Little Birdy, the new Australian rotisserie specialist tucked away on New Street off Queen’s Road West in Sheung Wan, offers free-range rotisserie chicken in a laidback ambiance, featuring an industrial interior and red neon wall-art resembling Chinese letters ‘有鳥到’ (a pun that ties to the homophone of the word “bird” in Chinese, suggesting a we-do-chicken-right kind of attitude). We sat down with the owner Danielle Giambattista to talk about the challenge of being a restaurateur in Hong Kong and her ambition to change the local food scene.
As a chef / owner how do you deal with local challenges when setting up a restaurant?
Opening a restaurant is challenging in itself. No matter how prepared you think you are, there are always lots of surprises. I have been very fortunate to have been involved in many restaurant openings on various different operational levels here in Hong Kong as well as New York, Miami, Los Angeles and Shanghai. In terms of local challenges, they will always pop up. It all comes down to the core opening team on the ground. We have to all stick together. Only the strong will survive!
How do you cater for local tastes?
Little Birdy is the best of both worlds, we are an Australian style rotisserie chicken shop with healthy salads and sides as well as our naughty corner items which include lots of indulgent chicken burgers. We find that the locals love chicken, in many forms! We don’t have any issues catering to the local clientele.
How do you think about promoting your menus?
We promote mostly via Instagram, and facebook along with local publications.
What is your best opening of a venue? And what about the biggest disaster in the restaurant business?
The most intense opening I have ever participated in was with Gordon Ramsay in Los Angeles. We received a Michelin Star in under 6 months, it was incredible. It made all those long stressful days worth it. It was an amazing achievement for all of us. In terms of the biggest disaster, I have never really been involved in any full on disastrous openings or operations in general. During an opening, lots of things always go wrong, each day, each service. This is what I personally love about the business and I am sure many others do as well. It is so unpredictable, it will either eat you up and spit you out or you will come out shining on the other end.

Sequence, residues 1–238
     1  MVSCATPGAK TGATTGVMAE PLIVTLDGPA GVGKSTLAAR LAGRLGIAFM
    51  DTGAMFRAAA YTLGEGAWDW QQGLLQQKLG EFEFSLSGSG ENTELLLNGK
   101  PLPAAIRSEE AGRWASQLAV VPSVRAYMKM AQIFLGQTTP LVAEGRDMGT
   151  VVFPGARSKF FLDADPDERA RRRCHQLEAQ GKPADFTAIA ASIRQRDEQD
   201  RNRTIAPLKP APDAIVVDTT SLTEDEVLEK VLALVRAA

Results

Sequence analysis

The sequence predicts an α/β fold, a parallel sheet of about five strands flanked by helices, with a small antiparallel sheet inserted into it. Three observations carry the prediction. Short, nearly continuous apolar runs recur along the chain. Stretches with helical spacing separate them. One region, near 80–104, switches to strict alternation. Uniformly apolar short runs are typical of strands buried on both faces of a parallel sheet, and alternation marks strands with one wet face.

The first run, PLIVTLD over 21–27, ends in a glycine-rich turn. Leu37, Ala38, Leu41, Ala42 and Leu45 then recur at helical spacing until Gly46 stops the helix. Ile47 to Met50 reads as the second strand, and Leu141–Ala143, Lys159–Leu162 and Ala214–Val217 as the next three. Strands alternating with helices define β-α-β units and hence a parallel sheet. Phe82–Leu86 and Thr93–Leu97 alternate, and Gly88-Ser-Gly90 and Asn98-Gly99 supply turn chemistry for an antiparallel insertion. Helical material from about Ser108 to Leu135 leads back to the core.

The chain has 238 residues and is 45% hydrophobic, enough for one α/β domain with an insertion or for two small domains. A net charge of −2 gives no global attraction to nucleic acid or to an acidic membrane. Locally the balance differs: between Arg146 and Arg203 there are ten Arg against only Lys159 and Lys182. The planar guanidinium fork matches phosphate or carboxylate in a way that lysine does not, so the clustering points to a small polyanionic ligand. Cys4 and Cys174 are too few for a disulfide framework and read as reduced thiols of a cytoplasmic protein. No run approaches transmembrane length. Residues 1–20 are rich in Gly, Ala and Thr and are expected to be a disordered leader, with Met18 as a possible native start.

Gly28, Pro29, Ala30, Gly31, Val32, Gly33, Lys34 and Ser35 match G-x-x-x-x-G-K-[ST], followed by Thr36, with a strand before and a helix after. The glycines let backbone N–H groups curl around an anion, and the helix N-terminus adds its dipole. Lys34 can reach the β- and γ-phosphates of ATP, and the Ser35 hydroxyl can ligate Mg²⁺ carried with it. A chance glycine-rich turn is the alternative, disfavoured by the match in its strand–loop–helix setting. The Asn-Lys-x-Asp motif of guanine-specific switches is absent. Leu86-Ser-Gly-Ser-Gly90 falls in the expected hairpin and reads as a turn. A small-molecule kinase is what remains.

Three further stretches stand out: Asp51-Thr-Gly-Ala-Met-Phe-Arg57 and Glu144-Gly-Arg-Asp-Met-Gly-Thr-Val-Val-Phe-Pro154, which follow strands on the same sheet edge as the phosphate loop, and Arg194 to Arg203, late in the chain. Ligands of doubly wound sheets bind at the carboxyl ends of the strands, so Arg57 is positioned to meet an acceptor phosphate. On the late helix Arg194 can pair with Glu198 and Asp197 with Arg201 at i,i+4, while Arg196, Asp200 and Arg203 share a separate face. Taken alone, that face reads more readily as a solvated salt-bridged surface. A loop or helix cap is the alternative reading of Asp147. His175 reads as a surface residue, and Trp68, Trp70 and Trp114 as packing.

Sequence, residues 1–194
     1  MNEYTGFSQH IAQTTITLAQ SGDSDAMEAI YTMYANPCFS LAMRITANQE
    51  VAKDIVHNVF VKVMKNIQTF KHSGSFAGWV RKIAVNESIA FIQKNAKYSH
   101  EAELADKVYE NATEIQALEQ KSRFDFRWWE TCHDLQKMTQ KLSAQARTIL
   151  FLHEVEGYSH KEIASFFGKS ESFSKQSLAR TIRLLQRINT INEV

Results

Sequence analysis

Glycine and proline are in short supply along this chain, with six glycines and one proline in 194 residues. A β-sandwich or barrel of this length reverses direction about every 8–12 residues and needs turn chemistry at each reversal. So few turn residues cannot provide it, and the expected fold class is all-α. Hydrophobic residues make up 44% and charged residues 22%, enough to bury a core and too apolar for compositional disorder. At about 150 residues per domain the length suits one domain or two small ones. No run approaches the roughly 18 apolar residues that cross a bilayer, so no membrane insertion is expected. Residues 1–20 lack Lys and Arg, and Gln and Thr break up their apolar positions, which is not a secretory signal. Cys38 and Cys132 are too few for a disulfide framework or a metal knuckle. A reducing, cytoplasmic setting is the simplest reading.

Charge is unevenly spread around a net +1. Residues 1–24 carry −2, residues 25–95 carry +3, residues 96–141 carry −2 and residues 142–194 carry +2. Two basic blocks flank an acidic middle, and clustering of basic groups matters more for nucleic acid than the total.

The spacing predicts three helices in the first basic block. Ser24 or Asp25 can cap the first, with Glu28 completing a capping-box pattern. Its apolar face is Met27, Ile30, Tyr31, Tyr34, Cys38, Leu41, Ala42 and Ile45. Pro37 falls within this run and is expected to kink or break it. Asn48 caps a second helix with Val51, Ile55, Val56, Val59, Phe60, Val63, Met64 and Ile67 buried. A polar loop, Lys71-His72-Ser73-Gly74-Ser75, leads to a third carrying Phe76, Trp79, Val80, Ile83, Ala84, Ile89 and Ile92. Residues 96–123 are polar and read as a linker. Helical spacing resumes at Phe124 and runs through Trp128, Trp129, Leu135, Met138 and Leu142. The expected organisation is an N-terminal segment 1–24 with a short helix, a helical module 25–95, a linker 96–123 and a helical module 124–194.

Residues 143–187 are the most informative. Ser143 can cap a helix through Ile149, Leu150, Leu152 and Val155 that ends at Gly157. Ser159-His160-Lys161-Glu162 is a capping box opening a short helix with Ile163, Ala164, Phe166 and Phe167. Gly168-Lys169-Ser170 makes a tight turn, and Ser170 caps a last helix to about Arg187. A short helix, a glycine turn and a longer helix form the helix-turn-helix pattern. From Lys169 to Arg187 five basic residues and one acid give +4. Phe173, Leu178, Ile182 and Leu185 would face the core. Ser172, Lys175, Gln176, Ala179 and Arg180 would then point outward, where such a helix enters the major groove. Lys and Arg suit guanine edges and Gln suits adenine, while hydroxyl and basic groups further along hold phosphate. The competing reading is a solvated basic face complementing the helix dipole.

What was your most under pressure moment
The most pressure I have ever felt in my entire career has been with the opening of Little Birdy.
As the first restaurant I have ever owned and operated, I find it to be like is like a daily test. I would not trade it for anything in the world. I do have to say that the only thing that keeps you sane in the business is finding time for yourself among the craziness of your days. This is something I have only recently started to practice and it has relieved a lot of the stress and pressures.
What’s next for your restaurant / group?
Our company plans to expand both here in Hong Kong as well as in other parts of South East Asia.